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Contributors:

Guitar ~ Tony Martin

Concertina ~ Kate Stokes

Flute & Ukulele ~ Martha Jay

Harmonica ~ Pat Mead

Accordion & Melodica ~ Andy Pickford


Our first CD collection...


1. Londonderry Air

The title of the air came from the name of County Londonderry, and was collected by Jane Ross of Limavady in the county.

The tune was adopted for the song "Danny Boy"


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Contributors:

Chorus (keyboard) ~ Wendy Howiantz

Violin & Flute (aerophone) ~ Tony Martin

Ukulele ~ Pat Mead

Ukulele ~ Andy Pickford


2. Greensleeves

A traditional English folk song. A broadside ballad by the name "A Newe Northen Dittye of ye Ladye Greene Sleves" was registered by Richard Jones at the London Stationer's Company in September 1580, and the tune is found in several late-16th-century and early-17th-century sources.


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Contributors:

Keyboard ~ Wendy Howiantz

Oboe & Strings (aerophone) ~ Tony Martin

Mandolin ~ Pat Mead

Melodica ~ Andy Pickford

Baritone Ukulele ~ Tony Martin


3. Kojo No Tsuki

"The Moon over the Ruined Castle" is a Japanese song.

Japanese pianist and composer Rentarō Taki composed the music as a music lesson song without instrumental accompaniment in 1901


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Contributors:

Keyboard ~ Wendy Howiantz

Flute (aerophone) ~ Tony Martin

Guitar ~ Tony Martin

Guitar ~ Pat Mead

Recorder ~ Pat Mead

Melodica & Accordion ~ Andy Pickford


4. Malaika

Malaika is a Swahili song written by Tanzanian musician Adam Salim in 1945.

This song is possibly the most famous of all Swahili love songs in Tanzania, Kenya and the entire East Africa.


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Contributors:

Vocals ~ Martha Jay

Guitar ~ Tony Martin

Bass Ukulele ~ Michael Turner-Welch

Ukulele ~ Pat Mead

Ukulele ~ Andy Pickford


5. Scarborough Fair

The song lists a number of impossible tasks given to a former lover who lives in Scarborough, North Yorkshire.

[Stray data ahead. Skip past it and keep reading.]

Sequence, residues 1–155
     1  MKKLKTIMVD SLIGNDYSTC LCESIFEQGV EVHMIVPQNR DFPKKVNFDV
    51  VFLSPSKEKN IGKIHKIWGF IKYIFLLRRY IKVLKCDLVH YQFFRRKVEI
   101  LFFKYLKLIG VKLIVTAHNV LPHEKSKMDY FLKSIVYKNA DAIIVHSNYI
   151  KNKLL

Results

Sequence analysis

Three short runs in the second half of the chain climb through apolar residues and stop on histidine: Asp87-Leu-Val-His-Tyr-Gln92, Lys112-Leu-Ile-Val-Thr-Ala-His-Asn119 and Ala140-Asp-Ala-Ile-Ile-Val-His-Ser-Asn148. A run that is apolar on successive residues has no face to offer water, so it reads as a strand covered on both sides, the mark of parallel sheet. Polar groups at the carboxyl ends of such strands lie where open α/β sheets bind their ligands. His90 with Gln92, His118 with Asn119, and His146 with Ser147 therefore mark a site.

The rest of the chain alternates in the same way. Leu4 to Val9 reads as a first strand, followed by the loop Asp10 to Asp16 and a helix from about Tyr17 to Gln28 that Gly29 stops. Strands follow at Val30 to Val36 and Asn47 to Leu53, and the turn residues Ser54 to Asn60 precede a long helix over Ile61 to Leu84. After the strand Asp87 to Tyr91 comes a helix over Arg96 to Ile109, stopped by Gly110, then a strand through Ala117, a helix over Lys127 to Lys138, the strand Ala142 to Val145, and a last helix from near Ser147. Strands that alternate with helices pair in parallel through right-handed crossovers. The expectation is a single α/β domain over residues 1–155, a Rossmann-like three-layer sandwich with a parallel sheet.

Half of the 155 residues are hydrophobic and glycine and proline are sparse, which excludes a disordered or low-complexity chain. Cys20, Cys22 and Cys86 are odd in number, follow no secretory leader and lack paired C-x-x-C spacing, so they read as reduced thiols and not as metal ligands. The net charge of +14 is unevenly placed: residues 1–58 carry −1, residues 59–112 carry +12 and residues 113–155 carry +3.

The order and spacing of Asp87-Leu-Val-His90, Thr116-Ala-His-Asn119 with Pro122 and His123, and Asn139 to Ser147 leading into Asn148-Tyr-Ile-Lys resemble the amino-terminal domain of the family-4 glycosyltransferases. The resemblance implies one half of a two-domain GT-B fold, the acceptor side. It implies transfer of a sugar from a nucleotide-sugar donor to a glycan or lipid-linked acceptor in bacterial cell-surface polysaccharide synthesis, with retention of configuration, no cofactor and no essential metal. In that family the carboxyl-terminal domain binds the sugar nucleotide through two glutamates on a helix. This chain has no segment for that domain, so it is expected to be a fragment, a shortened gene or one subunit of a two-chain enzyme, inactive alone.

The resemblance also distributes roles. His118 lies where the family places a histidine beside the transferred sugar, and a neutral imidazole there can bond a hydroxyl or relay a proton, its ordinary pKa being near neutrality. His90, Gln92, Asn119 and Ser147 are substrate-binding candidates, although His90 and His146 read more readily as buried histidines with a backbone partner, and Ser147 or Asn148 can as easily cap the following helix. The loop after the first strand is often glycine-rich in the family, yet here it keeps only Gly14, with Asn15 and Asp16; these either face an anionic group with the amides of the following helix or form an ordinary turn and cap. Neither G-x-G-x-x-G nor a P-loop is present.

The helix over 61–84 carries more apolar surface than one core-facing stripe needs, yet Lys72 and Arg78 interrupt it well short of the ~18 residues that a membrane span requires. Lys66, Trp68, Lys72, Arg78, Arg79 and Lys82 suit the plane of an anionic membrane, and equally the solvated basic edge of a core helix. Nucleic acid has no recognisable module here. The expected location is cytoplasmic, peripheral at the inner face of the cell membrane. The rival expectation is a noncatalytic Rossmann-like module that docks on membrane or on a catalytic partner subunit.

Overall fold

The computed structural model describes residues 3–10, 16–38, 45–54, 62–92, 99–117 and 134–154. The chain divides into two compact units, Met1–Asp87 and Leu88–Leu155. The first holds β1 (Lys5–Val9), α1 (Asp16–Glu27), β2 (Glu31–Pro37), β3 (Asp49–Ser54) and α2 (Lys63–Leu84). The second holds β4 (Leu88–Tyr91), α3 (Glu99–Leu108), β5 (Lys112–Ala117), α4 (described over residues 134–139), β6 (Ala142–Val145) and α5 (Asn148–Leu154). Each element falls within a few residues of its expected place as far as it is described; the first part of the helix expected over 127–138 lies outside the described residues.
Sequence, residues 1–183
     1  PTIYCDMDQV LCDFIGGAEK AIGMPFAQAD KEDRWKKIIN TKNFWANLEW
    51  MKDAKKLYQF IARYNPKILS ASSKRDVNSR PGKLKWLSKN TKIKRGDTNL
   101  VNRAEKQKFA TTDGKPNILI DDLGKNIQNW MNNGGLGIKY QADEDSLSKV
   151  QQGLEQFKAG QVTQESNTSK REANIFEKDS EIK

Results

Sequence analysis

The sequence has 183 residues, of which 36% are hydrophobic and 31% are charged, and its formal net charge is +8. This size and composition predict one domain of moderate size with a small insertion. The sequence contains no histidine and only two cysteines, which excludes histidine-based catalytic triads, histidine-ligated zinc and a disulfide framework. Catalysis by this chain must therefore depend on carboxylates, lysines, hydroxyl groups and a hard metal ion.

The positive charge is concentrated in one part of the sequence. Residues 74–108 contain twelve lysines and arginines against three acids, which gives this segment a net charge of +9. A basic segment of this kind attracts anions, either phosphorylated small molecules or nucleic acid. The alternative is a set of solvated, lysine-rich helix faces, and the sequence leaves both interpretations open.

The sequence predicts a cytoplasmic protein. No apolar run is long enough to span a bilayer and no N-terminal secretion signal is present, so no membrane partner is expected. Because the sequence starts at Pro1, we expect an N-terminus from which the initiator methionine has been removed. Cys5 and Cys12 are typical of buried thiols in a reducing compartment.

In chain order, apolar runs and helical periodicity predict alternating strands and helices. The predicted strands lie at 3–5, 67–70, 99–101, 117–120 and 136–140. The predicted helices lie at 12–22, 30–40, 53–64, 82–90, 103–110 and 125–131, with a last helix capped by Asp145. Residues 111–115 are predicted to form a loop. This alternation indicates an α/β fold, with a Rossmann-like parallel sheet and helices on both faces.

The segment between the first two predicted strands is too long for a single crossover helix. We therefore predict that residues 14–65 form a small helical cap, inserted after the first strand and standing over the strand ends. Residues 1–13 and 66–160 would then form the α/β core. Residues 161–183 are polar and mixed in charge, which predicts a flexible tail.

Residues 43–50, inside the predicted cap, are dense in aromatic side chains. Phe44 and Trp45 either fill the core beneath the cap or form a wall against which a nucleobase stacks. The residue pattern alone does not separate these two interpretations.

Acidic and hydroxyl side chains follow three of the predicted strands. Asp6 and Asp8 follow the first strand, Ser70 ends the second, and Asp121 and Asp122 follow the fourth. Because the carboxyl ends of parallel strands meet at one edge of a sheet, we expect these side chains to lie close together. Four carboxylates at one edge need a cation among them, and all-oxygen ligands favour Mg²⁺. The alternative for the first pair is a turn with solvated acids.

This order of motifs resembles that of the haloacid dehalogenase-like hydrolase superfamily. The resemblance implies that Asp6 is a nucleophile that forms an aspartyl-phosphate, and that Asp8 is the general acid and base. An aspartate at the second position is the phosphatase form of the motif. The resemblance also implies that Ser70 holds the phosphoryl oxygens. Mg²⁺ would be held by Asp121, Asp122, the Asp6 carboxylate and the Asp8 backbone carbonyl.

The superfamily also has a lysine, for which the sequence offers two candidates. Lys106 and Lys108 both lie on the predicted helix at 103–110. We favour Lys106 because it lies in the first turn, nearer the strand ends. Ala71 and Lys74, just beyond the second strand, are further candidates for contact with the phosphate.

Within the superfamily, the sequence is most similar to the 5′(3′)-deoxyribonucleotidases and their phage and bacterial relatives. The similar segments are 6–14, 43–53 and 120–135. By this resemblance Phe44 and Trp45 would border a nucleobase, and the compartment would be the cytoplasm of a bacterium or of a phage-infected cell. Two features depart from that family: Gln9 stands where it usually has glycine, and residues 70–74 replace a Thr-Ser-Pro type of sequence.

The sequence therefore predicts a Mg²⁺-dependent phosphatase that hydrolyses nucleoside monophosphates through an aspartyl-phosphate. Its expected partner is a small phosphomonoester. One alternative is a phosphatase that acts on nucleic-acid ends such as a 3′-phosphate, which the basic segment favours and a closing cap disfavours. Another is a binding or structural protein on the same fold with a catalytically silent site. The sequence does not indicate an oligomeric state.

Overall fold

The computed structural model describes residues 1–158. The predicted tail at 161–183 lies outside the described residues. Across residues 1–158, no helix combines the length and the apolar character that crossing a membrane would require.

The melody is in Dorian mode and is very typical of the middle English period. It was recorded by a number of musicians in the twentieth century.


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Contributors:

Flute ~ Martha Jay

Violin & Choir (aerophone) ~ Tony Martin

Guitar, Ukulele & Mandolin ~ Pat Mead

Baritone Ukulele ~ Tony Martin

Melodica & Ukulele ~ Andy Pickford


6. Si Bheag Si Mhor

It is usually attributed to blind harpist and singer Turlough O'Carolan (1670-1738) as his first composition, which he wrote to the tune of "The Bonnie Cuckoo".


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Contributors:

Keyboard ~ Wendy Howiantz

Flute ~ Martha Jay

Guitar ~ Tony Martin

Ukulele ~ Pat Mead

Ukulele ~ Andy Pickford


7. Planxty Fanny Power
& Planxty Irwin

Two songs composed by Turlough O'Carolan,(1670 – 1738).
He was a blind Celtic harper, composer and singer in Ireland.
A "planxty" is a piece of music in free form usually written for someone,
eg "For Irwin"

Planxty Fanny Power

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Planxty Irwin

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Contributors:

Flute ~ Martha Langley

Ukulele, Aerophone, Guitar ~ Tony Martin

Concertina ~ Kate Stokes

Ukulele ~ Pat Mead

Accordion & Melodica ~ Andy Pickford


8. Creag Guanach

This is the tune for the Mingulay Boat Song.


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Contributors:

The Lockdown Band!